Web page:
Sunday, July 24, 2011


A university faced with a growing crime problem involving the theft of electronic devices wanted to install a number of surveillance cameras on buildings. Some on campus argued that the university, instead, should design public spaces with enough activity and “eyes on the street” that surveillance cameras would not be necessary, while others objected to the cameras as a violation of their privacy.

The philosopher Peter Singer has written an insightful essay in Harpers* looking at some of the ethical dilemmas raised in our media-saturated world, where between the widespread use of cameras and the apparent urge of people to tell all on their Facebook pages, privacy has almost completely disappeared. Singer makes his point by an architectural analogy: Jeremy Bentham’s Panopticon. Imagined by Bentham as the perfect surveillance device, the Panopticon was a radial building in which one person could stand at the center and observe the activities of everyone at the perimeter.

Singer then observes that “The modern Panopticon is not a physical building … With surveillance technology like closed-circuit television cameras and digital cameras now linked to the Internet, we have the means to implement Bentham’s inspection principle on a much vaster scale. What’s more, we have helped construct this new Panopticon, voluntarily giving up troves of personal information. We blog, tweet, and post what we are doing, thinking and feeling.”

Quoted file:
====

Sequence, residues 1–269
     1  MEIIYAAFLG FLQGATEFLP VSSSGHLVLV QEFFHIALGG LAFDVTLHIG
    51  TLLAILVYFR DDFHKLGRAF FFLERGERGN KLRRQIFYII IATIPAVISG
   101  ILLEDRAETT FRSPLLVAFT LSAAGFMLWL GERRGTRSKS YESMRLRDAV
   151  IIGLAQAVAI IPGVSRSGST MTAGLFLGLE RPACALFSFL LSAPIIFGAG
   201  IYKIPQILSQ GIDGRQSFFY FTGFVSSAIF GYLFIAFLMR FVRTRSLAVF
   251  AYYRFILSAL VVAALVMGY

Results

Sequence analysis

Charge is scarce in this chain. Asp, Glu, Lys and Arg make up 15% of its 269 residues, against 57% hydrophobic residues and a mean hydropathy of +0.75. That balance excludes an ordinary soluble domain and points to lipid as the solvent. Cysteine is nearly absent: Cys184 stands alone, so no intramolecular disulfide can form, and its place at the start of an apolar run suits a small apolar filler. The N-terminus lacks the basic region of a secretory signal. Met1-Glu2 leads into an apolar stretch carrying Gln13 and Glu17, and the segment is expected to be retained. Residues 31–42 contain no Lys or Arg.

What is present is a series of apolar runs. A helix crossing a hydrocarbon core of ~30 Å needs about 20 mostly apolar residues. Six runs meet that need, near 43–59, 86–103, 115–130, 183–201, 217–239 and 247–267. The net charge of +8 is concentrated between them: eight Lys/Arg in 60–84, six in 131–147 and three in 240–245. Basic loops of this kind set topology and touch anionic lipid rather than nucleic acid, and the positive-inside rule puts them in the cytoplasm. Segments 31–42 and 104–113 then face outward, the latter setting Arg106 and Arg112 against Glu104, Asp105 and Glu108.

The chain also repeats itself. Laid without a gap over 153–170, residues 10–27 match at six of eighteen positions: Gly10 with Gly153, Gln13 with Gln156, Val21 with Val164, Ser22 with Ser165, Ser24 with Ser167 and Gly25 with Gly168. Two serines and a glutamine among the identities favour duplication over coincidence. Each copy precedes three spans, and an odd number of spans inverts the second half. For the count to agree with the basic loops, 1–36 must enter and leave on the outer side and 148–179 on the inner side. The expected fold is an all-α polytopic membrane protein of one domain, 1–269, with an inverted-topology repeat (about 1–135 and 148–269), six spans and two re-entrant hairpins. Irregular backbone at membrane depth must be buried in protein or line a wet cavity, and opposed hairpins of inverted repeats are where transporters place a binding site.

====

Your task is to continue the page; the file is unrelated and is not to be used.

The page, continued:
Key to the ethics of our “modern Panopticon” is the question of whether we participate in it voluntarily or not. When we choose to go into public places, we give up a degree of privacy in order to be with or interact with other people. In our era, that also means our acceptance of being monitored by surveillance cameras. That fact invalidates the claim by some, in this case, that the additional security cameras on campus would violate their privacy. Their being in public means that they have already relinquished a degree of privacy, whether observed by cameras or by other people.

That claim, though, does reflect a widespread misunderstanding of and indeed an unfortunate decline in public life and the public realm. Busy streets, full of pedestrians able to watch for possible criminal behavior, can make cameras irrelevant, which is what those who argued for an enlivened campus in lieu of cameras had in mind. Meanwhile the lack of such crowds has not only prompted the electronic surveillance of public spaces, but also perhaps the growing use of social media, which in some sense moves “public” visibility to the Internet.

Social contract theory has some relevance here. Thomas Hobbes argued that we need a strong central authority to keep people from harming each other, as he believed we would do without such restraint. He would likely have supported the use of surveillance cameras on campus for that reason. Jean Jacques Rousseau, in contrast, had a suspicion of central authority and believed people to be naturally good apart from the corrupting influence of society. Rousseau would probably have argued: the fewer cameras, the better.

Between those two extreme views stood John Locke, who recognized the value of central authority, but argued that its legitimacy rests with the consent of the governed. Locke might have urged the university to find a balance between deploying cameras where absolutely necessary and doing whatever possible to encourage people to assemble in public. Singer’s essay echoes Locke. Singer observes that electronic devices now allow those surveyed to watch their surveyors as well as the other way around. Such two-way surveillance becomes analogous to democracy, in which we, the governed, watch our representatives – protecting not only our security, but also our liberty.

* Singer, Peter. “Visible Man, Ethics in a World without Secrets,” Harpers, August 2011, p. 32-36.

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